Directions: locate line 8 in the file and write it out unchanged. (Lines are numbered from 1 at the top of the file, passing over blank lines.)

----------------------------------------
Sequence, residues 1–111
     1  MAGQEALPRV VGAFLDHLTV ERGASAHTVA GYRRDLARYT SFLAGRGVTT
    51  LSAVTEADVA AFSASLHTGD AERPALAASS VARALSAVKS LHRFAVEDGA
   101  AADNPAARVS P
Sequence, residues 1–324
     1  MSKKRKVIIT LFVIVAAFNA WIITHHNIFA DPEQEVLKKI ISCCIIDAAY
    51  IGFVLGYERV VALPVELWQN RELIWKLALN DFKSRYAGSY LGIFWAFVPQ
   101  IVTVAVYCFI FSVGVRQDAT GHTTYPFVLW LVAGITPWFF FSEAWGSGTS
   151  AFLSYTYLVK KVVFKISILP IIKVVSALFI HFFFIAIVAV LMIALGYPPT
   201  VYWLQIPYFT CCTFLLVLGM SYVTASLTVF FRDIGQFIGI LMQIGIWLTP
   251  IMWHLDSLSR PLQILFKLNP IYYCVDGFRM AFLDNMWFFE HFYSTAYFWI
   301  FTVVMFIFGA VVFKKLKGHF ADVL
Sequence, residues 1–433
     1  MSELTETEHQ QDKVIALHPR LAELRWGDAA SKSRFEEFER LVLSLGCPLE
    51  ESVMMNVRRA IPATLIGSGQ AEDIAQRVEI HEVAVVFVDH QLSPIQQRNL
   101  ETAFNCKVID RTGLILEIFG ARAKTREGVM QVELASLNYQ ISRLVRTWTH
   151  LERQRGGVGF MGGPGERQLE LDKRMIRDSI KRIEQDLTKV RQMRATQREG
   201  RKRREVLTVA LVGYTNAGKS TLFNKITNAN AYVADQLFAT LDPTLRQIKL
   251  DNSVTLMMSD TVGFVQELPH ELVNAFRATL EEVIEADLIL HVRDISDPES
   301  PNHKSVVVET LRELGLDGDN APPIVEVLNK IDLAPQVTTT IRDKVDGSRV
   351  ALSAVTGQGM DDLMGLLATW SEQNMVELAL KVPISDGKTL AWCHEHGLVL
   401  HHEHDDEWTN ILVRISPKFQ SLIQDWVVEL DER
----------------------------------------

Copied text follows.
   101  IVTVAVYCFI FSVGVRQDAT GHTTYPFVLW LVAGITPWFF FSEAWGSGTS